“This election is not about me,” Romney told a 3,000-person crowd at a southern Ohio manufacturing company. “It’s not about the Republican Party. It’s about America. And it’s about your family.”
Romney has disavowed Mourdock’s comments, but his campaign says he continues to support the Indiana Republican’s Senate candidacy.
Less than two weeks from Election Day, both candidates feverishly campaigned across the country in an exceedingly close race.
Opinion polls show Obama and Romney tied nationally. A new Associated Press-GfK poll of likely voters had Romney up 47 percent to 45 percent, a result within the poll’s margin of sampling error. But the race will really be decided by nine or so competitive states: Ohio, Florida, Virginia, North Carolina, New Hampshire, Iowa, Wisconsin, Nevada and Colorado.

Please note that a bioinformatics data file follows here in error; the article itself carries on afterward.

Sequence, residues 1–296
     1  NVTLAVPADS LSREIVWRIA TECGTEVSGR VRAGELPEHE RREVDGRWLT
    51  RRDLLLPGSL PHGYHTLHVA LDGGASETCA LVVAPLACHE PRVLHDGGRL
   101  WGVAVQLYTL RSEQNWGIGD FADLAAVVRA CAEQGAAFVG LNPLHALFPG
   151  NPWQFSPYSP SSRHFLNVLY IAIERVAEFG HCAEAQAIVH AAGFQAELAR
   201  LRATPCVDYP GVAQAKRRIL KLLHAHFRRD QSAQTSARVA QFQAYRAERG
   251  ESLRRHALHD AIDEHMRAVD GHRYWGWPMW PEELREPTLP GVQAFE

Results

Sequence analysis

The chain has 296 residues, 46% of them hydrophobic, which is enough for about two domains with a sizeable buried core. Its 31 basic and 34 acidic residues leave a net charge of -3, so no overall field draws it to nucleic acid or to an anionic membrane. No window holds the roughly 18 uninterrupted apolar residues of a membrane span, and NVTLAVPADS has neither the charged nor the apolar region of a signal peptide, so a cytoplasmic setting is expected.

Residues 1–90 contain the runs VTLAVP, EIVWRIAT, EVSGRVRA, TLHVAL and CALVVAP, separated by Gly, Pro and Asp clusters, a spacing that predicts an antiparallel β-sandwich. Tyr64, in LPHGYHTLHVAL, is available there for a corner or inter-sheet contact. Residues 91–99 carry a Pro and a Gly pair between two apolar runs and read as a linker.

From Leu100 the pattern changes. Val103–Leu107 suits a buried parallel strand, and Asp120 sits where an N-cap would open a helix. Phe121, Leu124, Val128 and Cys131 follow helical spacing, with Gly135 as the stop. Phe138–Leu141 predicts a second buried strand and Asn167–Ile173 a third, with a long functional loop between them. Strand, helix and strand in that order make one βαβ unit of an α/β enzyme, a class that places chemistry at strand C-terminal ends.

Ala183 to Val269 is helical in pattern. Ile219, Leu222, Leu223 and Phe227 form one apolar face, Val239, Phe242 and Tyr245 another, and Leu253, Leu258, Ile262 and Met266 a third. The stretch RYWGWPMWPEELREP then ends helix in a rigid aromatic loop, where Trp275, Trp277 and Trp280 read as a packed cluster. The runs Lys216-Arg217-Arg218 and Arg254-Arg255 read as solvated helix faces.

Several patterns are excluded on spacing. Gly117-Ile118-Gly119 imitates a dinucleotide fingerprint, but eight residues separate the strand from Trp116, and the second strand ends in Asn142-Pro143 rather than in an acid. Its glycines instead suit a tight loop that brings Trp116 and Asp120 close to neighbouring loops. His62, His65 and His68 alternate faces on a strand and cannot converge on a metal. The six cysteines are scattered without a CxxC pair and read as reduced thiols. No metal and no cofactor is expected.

The urgent task for both campaigns is to cobble together wins in enough states to cross the 270 threshold.
Obama advisers have identified at least three viable options. Winning Ohio, Iowa and Wisconsin would put him over the top, as would winning Ohio, Iowa and Nevada. A five-state combination of Iowa, New Hampshire, Wisconsin, Nevada and Colorado would also seal the deal for the president’s re-election.
Romney’s team has yet to publicly outline any specific pathways to 270. Without a win in Ohio, however, the Republican nominee would have to sweep every other competitive state.
That reality was the motivation behind Romney’s daylong swing through three Ohio cities yesterday. Obama was to finish his day in Ohio, too, the final stop on his marathon, two-day drive for votes.
An upbeat Romney proclaimed his campaign had the momentum heading into Election Day. But there were signs in Ohio, as well as Virginia, that his surge following the first debate might have run its course.
In Ohio, internal Republican and Democratic campaign polls this week showed Obama with a lead, just outside the margin of sampling error.